Hello gentle reader,
This post was inspired by some FizzyWisdom I read yesterday, aka a blog post by the amazing Summer Heacock about what you should and shouldn’t share on social media while you’re querying your manuscript. In her post, Summer explains how oversharing online can hinder your chances of finding an agent. She also mentions the term “Dream Agent”, which is the topic I want to discuss today.
What is a “Dream Agent”?
If you’re a querying writer, a Dream Agent is the agent you really, really want to sign with. This agent is whoever you think will be the perfect match for you and your writing.
Does everyone have a Dream Agent?
Sometimes, it sounds like everyone is talking about their Dream Agent, or asking who your Dream Agent is. I’m going to be very honest here and say I don’t have a Dream Agent. I have maybe 12 Dream Agents. Why? Because I want to keep my options open. Because a Dream Agent, an agent you *think* will be a perfect match, isn’t necessarily the Right Agent for you, that is, an agent who *will be* your perfect match.
How do I go about finding the Right Agent for me, then?
Do your research and find out:
- if the agent represents your genre and is in contact with publishers interested in your genre.
- what’s the agent’s style: editorial or non-editorial? Happy to communicate with you often or preferring to get in touch only when necessary? This info is usually available on the agent’s website or blog.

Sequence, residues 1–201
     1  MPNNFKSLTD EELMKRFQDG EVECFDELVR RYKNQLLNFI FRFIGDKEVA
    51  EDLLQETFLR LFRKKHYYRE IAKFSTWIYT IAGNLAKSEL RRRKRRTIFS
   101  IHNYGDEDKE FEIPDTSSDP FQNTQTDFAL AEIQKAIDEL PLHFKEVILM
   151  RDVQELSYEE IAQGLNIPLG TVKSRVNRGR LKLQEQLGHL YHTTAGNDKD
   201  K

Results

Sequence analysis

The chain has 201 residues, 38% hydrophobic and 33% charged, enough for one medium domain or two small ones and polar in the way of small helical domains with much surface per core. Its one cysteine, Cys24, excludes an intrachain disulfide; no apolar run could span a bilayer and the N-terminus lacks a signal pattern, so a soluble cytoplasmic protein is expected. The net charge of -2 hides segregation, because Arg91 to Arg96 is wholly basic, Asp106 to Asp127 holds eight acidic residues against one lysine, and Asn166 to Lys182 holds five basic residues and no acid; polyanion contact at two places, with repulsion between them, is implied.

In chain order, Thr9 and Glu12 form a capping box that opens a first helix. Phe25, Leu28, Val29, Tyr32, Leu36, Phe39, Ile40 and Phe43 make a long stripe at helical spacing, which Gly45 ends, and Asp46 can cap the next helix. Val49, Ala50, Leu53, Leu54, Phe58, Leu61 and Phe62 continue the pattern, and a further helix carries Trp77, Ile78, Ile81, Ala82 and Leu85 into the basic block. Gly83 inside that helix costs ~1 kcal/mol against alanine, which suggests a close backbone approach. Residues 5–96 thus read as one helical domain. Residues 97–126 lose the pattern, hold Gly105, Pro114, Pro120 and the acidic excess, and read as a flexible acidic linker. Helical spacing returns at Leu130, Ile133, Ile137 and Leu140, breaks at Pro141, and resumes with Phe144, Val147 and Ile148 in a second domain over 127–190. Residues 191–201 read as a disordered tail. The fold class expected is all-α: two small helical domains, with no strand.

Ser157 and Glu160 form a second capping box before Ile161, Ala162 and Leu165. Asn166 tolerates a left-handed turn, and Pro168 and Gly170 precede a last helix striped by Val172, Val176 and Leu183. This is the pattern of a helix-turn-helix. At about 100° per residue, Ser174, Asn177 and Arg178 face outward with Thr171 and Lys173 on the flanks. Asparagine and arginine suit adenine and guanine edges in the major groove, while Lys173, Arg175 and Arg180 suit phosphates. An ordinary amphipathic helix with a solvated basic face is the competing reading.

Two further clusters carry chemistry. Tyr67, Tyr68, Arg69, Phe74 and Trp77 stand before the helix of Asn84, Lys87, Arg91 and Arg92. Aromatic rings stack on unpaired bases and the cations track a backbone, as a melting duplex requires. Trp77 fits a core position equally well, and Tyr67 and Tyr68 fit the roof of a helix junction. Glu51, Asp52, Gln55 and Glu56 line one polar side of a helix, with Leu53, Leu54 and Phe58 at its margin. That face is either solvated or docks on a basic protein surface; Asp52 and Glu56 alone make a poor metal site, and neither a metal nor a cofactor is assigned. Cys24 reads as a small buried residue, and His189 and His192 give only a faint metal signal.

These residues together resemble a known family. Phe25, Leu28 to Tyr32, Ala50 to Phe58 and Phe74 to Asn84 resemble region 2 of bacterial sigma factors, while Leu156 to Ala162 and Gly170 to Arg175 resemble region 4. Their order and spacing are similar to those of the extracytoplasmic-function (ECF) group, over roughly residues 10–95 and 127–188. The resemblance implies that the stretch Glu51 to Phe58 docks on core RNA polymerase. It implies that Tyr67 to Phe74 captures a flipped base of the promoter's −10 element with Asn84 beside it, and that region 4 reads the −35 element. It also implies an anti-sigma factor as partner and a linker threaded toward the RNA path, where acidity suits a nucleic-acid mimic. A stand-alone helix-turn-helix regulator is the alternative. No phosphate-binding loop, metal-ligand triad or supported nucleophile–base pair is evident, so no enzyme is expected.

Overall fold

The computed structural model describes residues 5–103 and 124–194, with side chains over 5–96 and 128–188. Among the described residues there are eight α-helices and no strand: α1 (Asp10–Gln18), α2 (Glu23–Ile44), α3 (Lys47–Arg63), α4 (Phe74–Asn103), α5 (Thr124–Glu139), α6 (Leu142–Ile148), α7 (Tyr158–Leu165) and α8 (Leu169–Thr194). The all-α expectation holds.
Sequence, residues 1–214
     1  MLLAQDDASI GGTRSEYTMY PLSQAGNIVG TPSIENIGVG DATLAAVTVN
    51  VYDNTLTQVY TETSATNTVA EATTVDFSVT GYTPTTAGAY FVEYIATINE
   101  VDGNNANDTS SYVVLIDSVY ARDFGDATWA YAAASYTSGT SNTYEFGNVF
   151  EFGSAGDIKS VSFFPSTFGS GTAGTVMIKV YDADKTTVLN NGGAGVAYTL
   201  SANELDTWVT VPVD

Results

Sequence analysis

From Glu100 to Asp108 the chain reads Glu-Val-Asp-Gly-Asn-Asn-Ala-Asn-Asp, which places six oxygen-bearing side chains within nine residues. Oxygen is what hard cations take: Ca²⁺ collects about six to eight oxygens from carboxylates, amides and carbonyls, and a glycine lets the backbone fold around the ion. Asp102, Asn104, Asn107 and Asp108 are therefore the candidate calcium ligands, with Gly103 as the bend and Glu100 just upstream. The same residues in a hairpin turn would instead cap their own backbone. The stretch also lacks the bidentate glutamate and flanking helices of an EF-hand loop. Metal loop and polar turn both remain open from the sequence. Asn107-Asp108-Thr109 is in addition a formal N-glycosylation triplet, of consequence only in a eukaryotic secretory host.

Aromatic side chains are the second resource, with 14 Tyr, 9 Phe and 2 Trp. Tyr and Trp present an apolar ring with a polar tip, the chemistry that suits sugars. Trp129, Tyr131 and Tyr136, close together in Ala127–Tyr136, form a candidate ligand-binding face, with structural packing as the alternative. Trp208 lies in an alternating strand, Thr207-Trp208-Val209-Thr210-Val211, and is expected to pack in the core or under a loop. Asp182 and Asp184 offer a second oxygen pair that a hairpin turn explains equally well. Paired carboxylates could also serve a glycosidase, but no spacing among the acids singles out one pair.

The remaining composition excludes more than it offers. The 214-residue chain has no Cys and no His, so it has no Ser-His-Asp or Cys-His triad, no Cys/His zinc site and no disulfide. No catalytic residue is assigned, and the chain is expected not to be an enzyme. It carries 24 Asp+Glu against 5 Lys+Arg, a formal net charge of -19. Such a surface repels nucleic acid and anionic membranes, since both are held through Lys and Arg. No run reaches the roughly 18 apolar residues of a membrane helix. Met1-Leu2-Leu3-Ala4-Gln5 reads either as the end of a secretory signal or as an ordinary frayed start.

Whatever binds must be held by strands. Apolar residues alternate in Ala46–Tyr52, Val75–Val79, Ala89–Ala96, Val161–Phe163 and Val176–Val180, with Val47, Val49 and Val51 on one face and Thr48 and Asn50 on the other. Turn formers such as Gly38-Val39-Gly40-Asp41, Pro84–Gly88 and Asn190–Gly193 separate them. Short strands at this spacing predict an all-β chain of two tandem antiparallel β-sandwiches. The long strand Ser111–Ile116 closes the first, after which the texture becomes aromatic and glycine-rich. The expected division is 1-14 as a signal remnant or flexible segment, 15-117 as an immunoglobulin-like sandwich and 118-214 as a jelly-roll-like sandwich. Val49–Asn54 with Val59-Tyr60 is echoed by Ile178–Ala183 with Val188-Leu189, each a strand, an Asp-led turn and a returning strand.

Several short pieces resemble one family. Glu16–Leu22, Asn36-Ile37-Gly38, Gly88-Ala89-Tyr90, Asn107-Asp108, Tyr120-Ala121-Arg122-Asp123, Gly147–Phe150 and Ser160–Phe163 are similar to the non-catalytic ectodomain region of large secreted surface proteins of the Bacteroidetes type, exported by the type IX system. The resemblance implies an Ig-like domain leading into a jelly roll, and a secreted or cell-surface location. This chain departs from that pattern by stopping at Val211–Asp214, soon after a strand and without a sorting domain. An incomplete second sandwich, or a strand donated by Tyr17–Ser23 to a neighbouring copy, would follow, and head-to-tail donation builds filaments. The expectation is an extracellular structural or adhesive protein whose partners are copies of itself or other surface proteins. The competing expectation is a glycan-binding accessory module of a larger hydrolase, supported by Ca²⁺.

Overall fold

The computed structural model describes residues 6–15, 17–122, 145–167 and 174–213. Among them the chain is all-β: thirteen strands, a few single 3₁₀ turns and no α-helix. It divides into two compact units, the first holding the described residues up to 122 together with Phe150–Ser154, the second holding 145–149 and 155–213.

- the agent’s sales record (how many books they sold, to whom and when): this info is available on Publishers Marketplace.
- if the agent is an AAR (Association of Author Representatives) member. Sometimes new agents aren’t AAR members but they should work for an agency with AAR members (aka an established agency with a sales record). You can find this info on Query Tracker.
- where the agent lives: with Internet, whether the agent lives in London, New York or Los Angeles shouldn’t be an issue for your book to sell. However do check where the agent lives to consider if her/his location will have an impact on your relationship (time difference anyone?)
- what’s the agent’s personality: this is where things get a bit subjective, but checking an agent’s online presence can help you determine whether she/he is the right agent for you. Twitter is a good resource for this, or agents’ blogs and Tumblr.
But the final decision about whether an agent is right for you or not will be during The Call: when an agent makes an offer of representation. This is when you will be able to judge if the agent’s vision of your book and your career matches your dream. Then hopefully, you’ll decide this agent is the Right one, aka your Dream Agent.
What about you? Do you have a Dream Agent? How do you go about finding out if an agent is the right one for you? Make sure to leave me your comments and questions below!